The rapid growth of marine aquaculture around the world accentuates issues of sustainability and environmental impacts of large-scale farming systems. One potential mitigation strategy is to relocate to more energetic offshore locations. However, research regarding the forces which waves and currents impose on aquaculture structures in such conditions is still scarce. The present study aimed at extending the knowledge related to live blue mussels (Mytilus edulis), cultivated on dropper lines, by unique, large-scale laboratory experiments in the Large Wave Flume of the Coastal Research Center in Hannover, Germany. Nine-months-old live dropper lines and a surrogate of 2.0 m length each are exposed to regular waves with wave heights between 0.2 and 1.0 m and periods between 1.5 and 8.0 s. Force time histories are recorded to investigate the inertia and drag characteristics of live mussel and surrogate dropper lines. The surrogate dropper line was developed from 3D scans of blue mussel dropper lines, using the surface descriptor Abbott–Firestone Curve as quality parameter. Pull-off tests of individual mussels are conducted that reveal maximum attachment strength ranges of 0.48 to 10.55 N for mussels that had medium 3.04 cm length, 1.60 cm height and 1.25 cm width. Mean drag coefficients of CD = 3.9 were found for live blue mussel lines and CD = 3.4 for the surrogate model, for conditions of Keulegan–Carpenter number (KC) 10 to 380, using regular wave tests. Full article
Show Figures

Figure 1

Article
Preliminary Results on the Dynamics of a Pile-Moored Fish Cage with Elastic Net in Currents and Waves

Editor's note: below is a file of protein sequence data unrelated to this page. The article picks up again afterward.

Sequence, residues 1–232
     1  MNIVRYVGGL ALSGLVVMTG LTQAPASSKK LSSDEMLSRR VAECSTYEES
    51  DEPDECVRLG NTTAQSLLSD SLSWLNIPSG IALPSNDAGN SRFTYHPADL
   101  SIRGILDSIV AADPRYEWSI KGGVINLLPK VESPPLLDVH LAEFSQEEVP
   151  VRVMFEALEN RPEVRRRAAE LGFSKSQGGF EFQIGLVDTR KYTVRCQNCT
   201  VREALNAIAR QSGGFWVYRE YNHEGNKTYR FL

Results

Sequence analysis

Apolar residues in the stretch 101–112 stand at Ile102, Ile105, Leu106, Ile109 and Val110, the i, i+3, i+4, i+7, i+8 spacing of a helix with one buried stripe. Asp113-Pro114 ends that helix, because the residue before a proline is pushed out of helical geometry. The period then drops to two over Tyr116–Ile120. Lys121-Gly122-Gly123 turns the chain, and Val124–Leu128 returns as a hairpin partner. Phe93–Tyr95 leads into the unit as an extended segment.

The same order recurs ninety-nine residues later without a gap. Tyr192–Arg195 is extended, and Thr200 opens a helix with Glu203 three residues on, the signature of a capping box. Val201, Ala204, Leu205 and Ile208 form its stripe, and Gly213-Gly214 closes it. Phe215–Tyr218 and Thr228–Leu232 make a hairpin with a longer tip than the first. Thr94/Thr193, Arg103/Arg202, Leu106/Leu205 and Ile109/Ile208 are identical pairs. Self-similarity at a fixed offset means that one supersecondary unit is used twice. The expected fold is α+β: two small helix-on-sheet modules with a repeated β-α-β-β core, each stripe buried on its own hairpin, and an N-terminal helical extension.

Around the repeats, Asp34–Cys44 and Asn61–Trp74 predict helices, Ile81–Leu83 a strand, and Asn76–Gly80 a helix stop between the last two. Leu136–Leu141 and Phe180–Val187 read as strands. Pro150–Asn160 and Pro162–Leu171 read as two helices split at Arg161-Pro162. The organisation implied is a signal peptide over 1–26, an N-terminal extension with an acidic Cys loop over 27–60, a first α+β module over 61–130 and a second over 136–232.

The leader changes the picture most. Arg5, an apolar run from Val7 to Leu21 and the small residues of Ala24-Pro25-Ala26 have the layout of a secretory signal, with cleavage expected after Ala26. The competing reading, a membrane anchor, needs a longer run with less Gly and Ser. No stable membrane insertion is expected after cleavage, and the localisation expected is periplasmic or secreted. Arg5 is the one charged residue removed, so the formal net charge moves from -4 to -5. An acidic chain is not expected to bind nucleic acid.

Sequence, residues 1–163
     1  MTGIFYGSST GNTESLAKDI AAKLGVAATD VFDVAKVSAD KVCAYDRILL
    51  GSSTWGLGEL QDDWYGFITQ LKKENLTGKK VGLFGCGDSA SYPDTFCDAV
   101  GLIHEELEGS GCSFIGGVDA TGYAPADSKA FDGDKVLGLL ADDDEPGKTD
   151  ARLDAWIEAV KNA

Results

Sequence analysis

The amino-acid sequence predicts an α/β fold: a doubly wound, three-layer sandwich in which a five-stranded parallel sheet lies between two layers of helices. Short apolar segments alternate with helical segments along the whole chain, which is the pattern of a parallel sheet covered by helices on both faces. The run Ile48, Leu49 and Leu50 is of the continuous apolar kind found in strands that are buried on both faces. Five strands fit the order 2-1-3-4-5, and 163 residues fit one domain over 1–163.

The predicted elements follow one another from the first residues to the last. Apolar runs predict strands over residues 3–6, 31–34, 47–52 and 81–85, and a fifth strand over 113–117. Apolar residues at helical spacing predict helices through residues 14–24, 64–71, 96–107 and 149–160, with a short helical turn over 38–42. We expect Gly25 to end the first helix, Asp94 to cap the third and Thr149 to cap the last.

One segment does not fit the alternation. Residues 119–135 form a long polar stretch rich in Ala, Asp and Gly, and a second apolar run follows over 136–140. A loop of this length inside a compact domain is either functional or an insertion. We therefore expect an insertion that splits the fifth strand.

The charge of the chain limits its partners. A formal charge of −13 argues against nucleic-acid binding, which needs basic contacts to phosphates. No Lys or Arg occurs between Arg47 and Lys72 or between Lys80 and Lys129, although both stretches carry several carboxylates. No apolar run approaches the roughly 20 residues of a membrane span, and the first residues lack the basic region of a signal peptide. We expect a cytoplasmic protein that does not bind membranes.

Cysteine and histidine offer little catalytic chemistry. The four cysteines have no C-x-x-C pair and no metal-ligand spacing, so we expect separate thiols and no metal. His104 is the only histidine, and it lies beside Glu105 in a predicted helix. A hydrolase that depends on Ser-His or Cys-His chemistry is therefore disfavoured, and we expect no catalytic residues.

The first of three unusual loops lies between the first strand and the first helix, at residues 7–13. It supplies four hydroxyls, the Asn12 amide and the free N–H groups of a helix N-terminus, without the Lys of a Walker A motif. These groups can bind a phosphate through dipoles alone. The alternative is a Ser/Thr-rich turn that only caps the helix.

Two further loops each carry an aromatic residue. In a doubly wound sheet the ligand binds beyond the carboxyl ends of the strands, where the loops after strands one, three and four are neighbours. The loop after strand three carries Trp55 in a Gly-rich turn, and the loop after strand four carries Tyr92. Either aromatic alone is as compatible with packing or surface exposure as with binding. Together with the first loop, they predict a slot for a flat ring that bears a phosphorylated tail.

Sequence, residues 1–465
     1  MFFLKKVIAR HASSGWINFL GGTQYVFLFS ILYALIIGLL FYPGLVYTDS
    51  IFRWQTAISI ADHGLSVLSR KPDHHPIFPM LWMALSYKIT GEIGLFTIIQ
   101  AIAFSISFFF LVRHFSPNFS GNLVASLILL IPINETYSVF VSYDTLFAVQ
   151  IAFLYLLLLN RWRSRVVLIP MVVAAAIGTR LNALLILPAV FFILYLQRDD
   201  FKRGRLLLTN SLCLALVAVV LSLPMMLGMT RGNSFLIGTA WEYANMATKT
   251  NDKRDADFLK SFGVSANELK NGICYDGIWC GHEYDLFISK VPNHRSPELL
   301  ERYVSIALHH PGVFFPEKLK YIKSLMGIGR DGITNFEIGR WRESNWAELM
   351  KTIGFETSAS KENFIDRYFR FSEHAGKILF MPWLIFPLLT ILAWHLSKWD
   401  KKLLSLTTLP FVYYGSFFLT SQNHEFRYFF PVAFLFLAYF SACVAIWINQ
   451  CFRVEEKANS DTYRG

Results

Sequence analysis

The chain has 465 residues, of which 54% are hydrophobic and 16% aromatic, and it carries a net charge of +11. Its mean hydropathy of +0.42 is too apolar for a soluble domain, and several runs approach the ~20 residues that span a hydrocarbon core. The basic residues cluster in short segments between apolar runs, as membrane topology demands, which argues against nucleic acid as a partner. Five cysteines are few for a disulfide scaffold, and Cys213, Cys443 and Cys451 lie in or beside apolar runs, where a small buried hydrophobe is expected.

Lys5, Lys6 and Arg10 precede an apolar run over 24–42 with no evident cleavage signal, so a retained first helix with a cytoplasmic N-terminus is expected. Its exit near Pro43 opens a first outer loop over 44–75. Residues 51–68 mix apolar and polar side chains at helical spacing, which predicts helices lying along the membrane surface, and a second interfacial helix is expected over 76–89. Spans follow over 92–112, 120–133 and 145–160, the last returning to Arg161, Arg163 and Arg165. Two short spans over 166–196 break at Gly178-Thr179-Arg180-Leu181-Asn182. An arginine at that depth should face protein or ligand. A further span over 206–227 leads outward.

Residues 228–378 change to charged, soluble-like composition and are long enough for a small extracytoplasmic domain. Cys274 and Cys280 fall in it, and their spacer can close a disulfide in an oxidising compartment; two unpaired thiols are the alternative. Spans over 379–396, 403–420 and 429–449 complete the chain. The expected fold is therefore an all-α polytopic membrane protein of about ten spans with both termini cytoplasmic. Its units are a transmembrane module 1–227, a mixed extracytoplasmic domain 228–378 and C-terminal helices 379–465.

J. Mar. Sci. Eng. 2021, 9(1), 14; https://doi.org/10.3390/jmse9010014 - 24 Dec 2020
Cited by 1 | Viewed by 715
Abstract
Over the last decades, the aquaculture sector increased significantly and constantly, moving fish-farm plants further from the coast, and exposing them to increasingly high forces due to currents and waves. The performances of cages in currents and waves have been widely studied in [...] Read more.
Over the last decades, the aquaculture sector increased significantly and constantly, moving fish-farm plants further from the coast, and exposing them to increasingly high forces due to currents and waves. The performances of cages in currents and waves have been widely studied in literature, by means of laboratory experiments and numerical models, but virtually all the research is focused on the global performances of the system, i.e., on the maximum displacement, the volume reduction or the mooring tension. In this work we propose a numerical model, derived from the net-truss model of Kristiansen and Faltinsen (2012), to study the dynamics of fish farm cages in current and waves. In this model the net is modeled with straight trusses connecting nodes, where the mass of the net is concentrated at the nodes. The deformation of the net is evaluated solving the equation of motion of the nodes, subjected to gravity, buoyancy, lift, and drag forces. With respect to the original model, the elasticity of the net is included. In this work the real size of the net is used for the computation mesh grid, this allowing the numerical model to reproduce the exact dynamics of the cage. The numerical model is used to simulate a cage with fixed rings, based on the concept of mooring the cage to the foundation of no longer functioning offshore structures. The deformations of the system subjected to currents and waves are studied. Full article
Show Figures

Figure 1

Back to TopTop